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eG Foodblog: CaliPoutine, MarketStEl & mizducky - The Shrinking


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Sandy, I'm curious about some of your wording. If you've explained this before, I've missed it. You refer to the time that you were "sober". Now it appears you're drinking some alcohol, no doubt in moderation. Are you trying to imply that you aren't generally sober, or that one must be a teetotaller to be sober? Or am I misunderstanding something? In my experience, one who writes the way you do is probably sober at the time of writing.

My mother recently had to change her diet due to renal failure in combination with diabetes. It was startling to see how many of the foods formerly considered to be best for you (whole-grain breads, for instance) suddenly had to go. I'll be interested to see how you deal with the vegetable thing as the week goes on, and hoping to pick up more tips for her.

Nancy Smith, aka "Smithy"
HosteG Forumsnsmith@egstaff.org

"Every day should be filled with something delicious, because life is too short not to spoil yourself. " -- Ling (with permission)

"There comes a time in every project when you have to shoot the engineer and start production." -- author unknown

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Since berries mostly spoil before we get around to using them, I guess I have to start considering dried too.  I just remember giving my elderly grandmother prunes all of the time and thinking they were gross.  But, honestly, I haven't tried them so thanks for the blog - I am going to give them a try.

I have been following along but didn't think there was very much I could contribute to this blog but.........

Try this: Find a clean, large mason jar, preferably a wide-mouth one. Sort through the berries gently to make sure there are no nasties in there BUT DO NOT WASH THEM. Carefully transfer them to the mason jar, put on the lid and screw band and put them on a shelf in the 'fridge. When you want some berries take out a serving, wash them and you are set. I am amazed how long berries stay fresh using this method. There is no need to vacuum seal the jar.

Thank you - I will give it a try as soon as possible. The possibility that I no longer have to hear my husband say "these "insert berry name" are spoiled, why do you keep buying them when you don't ever eat them" has me doing a mental happy dance.

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Hi All. Sorry I've been MIA most of the day. In addition to my cooking jobs, I also work for a Mystery Shopping company. Today I did 4 shops( all mattress stores) in London. I was able to get some grocery shopping done too( for myself and for the Senior meal on Thursday).

Before I left this morning, I had 2 servings of the same cereal I had yesterday( 4 points, 1 point of milk and 1 point of raisins). I felt a bit lightheaded about an hour later so I had a Kashi Go Lean protein bar(3 points). I'm a sucker for those red clearance stickers at Target.

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I didnt get home until well after 5pm and since my boys usually eat at noon, they were very anxious to eat.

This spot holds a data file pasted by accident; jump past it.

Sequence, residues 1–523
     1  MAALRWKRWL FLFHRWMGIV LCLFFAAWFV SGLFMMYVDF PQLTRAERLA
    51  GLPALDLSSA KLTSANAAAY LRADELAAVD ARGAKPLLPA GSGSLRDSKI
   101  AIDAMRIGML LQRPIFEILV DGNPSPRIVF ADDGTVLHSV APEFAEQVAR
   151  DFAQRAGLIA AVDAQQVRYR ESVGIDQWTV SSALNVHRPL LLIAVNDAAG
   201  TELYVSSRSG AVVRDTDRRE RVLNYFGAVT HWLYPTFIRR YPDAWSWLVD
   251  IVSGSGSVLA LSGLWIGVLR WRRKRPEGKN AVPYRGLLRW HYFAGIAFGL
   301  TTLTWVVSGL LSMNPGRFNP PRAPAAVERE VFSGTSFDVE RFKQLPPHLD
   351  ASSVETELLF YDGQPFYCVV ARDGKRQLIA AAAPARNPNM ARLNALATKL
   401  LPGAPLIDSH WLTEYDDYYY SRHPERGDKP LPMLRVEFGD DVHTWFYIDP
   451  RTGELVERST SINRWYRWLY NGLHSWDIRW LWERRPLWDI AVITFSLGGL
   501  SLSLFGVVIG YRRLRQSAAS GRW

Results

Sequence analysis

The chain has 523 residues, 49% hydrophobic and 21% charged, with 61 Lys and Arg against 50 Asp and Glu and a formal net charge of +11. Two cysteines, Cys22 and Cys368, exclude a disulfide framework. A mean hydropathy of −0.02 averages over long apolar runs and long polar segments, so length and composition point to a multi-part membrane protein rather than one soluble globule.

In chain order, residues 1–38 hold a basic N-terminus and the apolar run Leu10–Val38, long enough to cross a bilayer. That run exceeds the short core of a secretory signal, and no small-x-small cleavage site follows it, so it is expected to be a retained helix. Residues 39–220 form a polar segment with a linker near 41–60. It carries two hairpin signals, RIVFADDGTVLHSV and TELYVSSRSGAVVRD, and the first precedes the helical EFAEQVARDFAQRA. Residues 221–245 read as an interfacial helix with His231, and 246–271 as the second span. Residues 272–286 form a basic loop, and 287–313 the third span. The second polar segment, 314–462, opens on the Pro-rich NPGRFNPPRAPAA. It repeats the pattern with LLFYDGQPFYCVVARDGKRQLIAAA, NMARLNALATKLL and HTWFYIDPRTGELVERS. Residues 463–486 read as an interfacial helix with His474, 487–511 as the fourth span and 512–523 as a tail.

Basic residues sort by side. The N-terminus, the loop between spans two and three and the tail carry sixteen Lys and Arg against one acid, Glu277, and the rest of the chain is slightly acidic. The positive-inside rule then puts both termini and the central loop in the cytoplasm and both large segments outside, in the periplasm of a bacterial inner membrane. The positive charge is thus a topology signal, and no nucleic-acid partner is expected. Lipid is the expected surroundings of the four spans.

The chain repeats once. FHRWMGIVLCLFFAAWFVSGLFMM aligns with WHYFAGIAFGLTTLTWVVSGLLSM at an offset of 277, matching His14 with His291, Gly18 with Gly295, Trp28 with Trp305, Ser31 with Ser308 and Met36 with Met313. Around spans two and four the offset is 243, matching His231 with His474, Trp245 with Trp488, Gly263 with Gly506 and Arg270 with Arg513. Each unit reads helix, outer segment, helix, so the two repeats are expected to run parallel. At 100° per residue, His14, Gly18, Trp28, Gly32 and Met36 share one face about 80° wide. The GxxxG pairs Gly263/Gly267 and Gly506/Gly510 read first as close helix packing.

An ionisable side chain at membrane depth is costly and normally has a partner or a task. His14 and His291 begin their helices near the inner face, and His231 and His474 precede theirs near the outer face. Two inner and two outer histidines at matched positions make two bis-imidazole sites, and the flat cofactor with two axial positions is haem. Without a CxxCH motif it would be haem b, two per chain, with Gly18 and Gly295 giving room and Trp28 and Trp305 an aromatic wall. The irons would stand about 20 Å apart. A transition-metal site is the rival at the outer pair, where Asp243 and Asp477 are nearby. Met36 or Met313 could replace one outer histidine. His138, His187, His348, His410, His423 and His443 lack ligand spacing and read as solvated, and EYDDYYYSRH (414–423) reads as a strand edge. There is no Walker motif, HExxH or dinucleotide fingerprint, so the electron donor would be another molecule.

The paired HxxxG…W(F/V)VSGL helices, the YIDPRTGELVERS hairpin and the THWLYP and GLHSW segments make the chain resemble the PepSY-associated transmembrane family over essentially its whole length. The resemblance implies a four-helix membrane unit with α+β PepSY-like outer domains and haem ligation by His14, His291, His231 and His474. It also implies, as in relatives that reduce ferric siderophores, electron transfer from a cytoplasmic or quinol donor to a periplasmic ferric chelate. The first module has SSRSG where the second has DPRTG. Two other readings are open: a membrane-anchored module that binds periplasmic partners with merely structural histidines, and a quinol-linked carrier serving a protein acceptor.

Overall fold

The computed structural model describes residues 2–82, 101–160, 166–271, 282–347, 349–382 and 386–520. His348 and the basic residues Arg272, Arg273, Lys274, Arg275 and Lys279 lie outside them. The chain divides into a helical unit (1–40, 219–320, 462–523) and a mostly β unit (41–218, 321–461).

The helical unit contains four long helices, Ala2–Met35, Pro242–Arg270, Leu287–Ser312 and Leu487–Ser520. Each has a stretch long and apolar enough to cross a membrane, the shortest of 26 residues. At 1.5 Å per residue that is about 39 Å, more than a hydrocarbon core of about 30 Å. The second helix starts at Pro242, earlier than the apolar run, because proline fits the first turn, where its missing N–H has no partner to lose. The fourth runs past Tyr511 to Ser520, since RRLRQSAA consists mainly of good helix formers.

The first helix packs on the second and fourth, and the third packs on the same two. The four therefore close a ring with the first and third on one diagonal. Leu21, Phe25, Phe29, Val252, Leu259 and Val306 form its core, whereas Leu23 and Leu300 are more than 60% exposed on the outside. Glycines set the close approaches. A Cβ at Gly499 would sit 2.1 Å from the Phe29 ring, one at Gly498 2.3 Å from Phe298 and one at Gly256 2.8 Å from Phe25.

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Every since the pet food scare, I've stopped buying commerical wet dog food. I give the boys a spoon of baby food along with a spoon of plain yogurt. They seem to enjoy it. Here you have Oliver and Harley. Oliver is the black and Tan. They're both Standard dachsunds. Harley is a wire-hair.

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I unloaded my groceries. I went to Food Basics and stocked up on fruit and veggies among other things.

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Did I mention that we have a brand new kitchen? There was a discussion in my kitchen reno thread regarding a TV in the kitchen. As you can see, I did buy one.

I knew I wanted to use the leftover brown rice from last night to make a dish called Rice Fried vegetables. Its from this month's issue of Vegetarian Times. I'm not a vegetarian, but we don't eat any red meat.

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I didnt have a few ingredients so I made some substitutions. It came out really well.

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I also picked up some Tilapia. I'd planned on using a recipe from A New Way To Cook, but when I read it again, I didnt have the majority of the ingredients. I reverted to an old standbye, Parmesan crusted Tilapia. I made a mixture of shredded parm, reduced sodium Old Bay, a few tbls of bread crumbs, 1 pat of butter, lemon juice and light mayo.

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I slathered the mixture on the fish and then broiled it.

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It came out really well and the entire meal was very filling. I had 1 piece of fish and Robin had 2. I figure about 3 points for a piece and 6 for the side dish.

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I'm actually feeling full.

Oh, I forgot to mention that I had a 6" turkey sub from Subway for lunch. I also had a bag of baked Lays. I think that meal has 9 points.

Edited by CaliPoutine (log)
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Since berries mostly spoil before we get around to using them, I guess I have to start considering dried too.  I just remember giving my elderly grandmother prunes all of the time and thinking they were gross.  But, honestly, I haven't tried them so thanks for the blog - I am going to give them a try.

I have been following along but didn't think there was very much I could contribute to this blog but.........